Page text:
Right in the centre of the bustling university city of Oxford there is an extraordinary oasis of biodiversity. Beside the beautiful 18th-century Magdalen Bridge, nestling at the foot of the High Street, the Oxford Botanic Garden is home to almost seven thousand plant species from around the world. Four hundred years old this year, the gardens, the oldest in Britain, occupy just 1.8 hectares, but house the most compact yet diverse collection of plants in the world.
In 1621, Henry Danvers, Earl of Derby, decided to fund a physic garden a herb garden with medicinal plants — in Oxford for “the glorification of the works of God and for the furtherance of learning.” He chose a site beside the River Cherwell in Magdalen College. An incredible four thousand cartloads of muck and dung raised the land above the floodplain of the river. Danvers invested an impressive (for those days) £5,000 in the project, but most of the money went on the magnificent walls surrounding the land — one hundred metres long and five metres high — and little was left for the plants! The walls offered protection from the wind and created a very valuable micro-climate.
The original purpose of the Physic Garden was to grow medicinal plants used to teach the university’s medical students. In 1830, it became known as the Oxford Botanic Garden to reflect its role in experimental botany. Over the following years this role changed and diversified, becoming one of educating people in the importance of plants, conserving plants from around the world and supporting research and teaching in the university and beyond. The botanical garden may be one of the oldest in the world, but it was one of the first to adopt a DNA-based classification system for its plant collections.
the dead man’s walk
Part of the land – now the Rose Garden - had been a Jewish cemetery from 1177 until 1290, when the Jews were expelled from England. Oxford’s medieval Jewish quarter was linked to the cemetery by an ancient footpath called the Dead Man’s Walk, as it was illegal for Jews to carry their dead through the city. There are two plaques in the gardens commemorating the men, women and children buried in those less tolerant times.
The Garden actually has three separate sections. The Walled Garden, the oldest part, is surrounded by the original stone wall and is home to the garden’s oldest tree, an English yew planted in 1654 by the first curator, Jacob Bobart. This yew is really just a teenager. Yews can live for up to three thousand years and are not considered ancient until they reach the age of nine hundred! The Walled Garden also has the medicinal beds, the garden’s core collection. Each of the eight beds has plants used to treat a particular disease or illness, and they cover areas such as cardiology, infectious diseases, dermatology and neurology. One of the rarest plants in the collection is Euphorbia stygiana — there are now only aroundtwenty in the world. Just don’t tread on it!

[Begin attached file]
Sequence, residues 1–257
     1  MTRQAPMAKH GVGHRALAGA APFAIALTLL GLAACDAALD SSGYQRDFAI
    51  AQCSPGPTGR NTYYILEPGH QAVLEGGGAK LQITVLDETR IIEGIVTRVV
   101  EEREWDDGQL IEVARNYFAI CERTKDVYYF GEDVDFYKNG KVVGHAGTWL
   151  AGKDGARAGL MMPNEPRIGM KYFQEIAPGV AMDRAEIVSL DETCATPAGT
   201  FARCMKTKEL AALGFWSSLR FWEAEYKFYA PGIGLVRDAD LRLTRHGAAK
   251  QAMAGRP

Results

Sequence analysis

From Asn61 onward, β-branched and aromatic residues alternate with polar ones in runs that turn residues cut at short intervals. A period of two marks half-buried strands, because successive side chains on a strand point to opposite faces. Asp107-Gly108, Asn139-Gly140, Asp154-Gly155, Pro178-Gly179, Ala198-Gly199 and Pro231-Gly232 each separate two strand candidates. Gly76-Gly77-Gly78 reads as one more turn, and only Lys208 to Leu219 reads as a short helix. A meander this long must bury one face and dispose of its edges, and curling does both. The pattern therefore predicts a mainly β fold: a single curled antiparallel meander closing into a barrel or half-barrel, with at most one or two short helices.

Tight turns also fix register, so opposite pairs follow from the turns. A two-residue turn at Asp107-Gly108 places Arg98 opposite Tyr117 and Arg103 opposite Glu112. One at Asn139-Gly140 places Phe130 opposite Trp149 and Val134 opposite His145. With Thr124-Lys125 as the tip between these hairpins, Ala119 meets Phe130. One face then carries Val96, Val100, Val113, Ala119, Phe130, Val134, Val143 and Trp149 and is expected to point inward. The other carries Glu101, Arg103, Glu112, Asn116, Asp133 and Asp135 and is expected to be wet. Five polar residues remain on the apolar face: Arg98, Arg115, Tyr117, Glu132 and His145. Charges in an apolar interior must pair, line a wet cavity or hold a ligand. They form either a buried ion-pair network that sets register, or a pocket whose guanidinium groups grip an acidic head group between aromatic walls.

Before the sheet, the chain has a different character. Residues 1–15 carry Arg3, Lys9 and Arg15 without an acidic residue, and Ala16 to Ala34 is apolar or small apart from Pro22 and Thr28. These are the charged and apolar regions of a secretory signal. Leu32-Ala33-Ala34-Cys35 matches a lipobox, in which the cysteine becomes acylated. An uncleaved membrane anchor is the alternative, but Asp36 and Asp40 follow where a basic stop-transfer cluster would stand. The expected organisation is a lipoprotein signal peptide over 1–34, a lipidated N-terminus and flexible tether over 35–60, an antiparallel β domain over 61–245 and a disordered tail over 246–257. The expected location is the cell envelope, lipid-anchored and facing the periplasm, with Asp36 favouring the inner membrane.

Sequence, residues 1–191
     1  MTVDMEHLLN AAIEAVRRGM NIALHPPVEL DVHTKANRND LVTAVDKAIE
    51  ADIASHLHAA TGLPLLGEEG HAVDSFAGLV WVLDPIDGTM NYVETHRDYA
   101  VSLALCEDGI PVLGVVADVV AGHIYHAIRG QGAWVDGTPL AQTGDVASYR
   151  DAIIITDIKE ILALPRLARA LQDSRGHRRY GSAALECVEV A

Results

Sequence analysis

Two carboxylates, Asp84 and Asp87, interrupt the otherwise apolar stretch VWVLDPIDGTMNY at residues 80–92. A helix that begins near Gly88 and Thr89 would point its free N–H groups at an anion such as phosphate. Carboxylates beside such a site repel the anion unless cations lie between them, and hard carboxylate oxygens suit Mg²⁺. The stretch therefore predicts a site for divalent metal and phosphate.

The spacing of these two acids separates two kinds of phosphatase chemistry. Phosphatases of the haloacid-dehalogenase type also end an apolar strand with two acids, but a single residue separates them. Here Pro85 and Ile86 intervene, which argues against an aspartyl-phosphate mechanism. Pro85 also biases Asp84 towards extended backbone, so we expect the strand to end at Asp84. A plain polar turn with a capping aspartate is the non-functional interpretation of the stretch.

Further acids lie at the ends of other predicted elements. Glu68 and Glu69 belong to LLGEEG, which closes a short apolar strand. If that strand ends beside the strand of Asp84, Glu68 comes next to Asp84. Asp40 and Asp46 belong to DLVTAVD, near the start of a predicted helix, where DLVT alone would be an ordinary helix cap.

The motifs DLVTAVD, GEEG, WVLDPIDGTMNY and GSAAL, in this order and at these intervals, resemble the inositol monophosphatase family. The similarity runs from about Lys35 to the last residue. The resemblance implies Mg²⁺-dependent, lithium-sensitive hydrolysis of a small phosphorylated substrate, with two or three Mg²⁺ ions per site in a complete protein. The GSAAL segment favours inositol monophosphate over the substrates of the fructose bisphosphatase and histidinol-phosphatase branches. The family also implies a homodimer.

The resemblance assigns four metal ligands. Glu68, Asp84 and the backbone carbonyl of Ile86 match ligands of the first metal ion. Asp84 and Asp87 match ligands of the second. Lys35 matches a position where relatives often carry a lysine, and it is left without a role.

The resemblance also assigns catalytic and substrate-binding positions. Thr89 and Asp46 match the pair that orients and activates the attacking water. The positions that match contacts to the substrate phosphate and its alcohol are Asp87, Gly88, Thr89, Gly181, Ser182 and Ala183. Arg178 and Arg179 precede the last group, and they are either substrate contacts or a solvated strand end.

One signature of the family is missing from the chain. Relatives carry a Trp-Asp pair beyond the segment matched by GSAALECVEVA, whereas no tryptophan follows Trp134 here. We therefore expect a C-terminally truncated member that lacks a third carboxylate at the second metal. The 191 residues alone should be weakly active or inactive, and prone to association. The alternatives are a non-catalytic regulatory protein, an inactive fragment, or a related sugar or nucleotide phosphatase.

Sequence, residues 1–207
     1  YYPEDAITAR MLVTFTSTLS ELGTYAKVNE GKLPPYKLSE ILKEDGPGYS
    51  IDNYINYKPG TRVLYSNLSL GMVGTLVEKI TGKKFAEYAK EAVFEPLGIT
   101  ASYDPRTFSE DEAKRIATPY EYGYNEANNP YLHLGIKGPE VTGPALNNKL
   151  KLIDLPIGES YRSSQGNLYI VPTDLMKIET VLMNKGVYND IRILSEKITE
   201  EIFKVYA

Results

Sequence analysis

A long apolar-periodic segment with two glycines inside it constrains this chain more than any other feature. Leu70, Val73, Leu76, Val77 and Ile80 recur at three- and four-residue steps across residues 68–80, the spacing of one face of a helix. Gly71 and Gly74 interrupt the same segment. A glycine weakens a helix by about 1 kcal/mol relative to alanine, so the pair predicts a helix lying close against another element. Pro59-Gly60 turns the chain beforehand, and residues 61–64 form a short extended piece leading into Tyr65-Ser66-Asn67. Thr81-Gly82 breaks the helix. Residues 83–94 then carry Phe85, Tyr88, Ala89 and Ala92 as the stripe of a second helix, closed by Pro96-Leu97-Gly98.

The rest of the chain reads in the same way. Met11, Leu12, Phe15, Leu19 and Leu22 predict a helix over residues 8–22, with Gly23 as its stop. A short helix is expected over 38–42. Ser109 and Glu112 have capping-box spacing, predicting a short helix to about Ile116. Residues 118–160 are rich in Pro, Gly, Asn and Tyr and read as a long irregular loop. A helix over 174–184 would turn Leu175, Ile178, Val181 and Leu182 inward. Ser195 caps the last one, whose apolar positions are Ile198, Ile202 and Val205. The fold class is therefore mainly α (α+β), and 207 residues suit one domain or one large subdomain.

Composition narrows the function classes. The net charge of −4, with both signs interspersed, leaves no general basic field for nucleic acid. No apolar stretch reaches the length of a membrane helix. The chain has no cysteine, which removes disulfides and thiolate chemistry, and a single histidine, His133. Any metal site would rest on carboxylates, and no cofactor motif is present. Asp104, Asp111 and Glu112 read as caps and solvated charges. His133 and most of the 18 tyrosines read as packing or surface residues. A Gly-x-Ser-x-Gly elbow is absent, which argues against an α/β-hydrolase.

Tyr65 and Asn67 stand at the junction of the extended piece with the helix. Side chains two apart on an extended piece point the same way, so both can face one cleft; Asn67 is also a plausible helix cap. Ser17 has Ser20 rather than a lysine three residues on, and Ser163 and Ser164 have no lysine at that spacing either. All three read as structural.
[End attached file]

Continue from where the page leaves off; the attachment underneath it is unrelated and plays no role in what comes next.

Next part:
The second section is the glasshouses. These glass constructions date back to the time of Queen Victoria, when the scientists of those days introduced the idea of a winter garden, a place specially constructed to display the newly-discovered tropical plants brought back from Britain’s constantly-expanding empire. The curators created a variety of global climatic conditions, ranging from tropical to alpine. The glasshouses include an Insectivorous House, with carnivorous plants, and a Water Lily House — the Victoria cruziana lilies here have enormous pie dish leaves, or pads, which can support the weight of a small child!
Perfect Picnic Place
The Herbarium Room is a global cultural resource of approximately one million dried plant specimens, founded in the 17th-century, the oldest herbarium in the UK. Finally, there is the Lower Garden, situated between the Walled Garden and the River Cherwell, and a perfect spot for picnics. The collections here include the Rock Garden, with medical species, the Plants that Changed the World beds, and the Gin Border, with plants used in the production of gin. You can buy the Botanic Garden’s own Physic Gin online. Four hundred years after its birth, the Botanic Garden continues to blossom and grow. It never rests on its laurels.
The Oxford Botanic Garden has attracted millions of visitors over the years. That number has included several figures from the literary world. The novelist Lewis Carroll is said to have used it as inspiration for his book Alice in Wonderland. The Water Lily House features in one of the book’s famous illustrations, The Queen’s Croquet-Ground. JRR Tolkien spent much of his time in Oxford sitting and smoking his pipe under his favourite tree, Pinus Nigra, which may have been the inspiration for the Ents (walking, talking tree people) in The Lord of the Rings.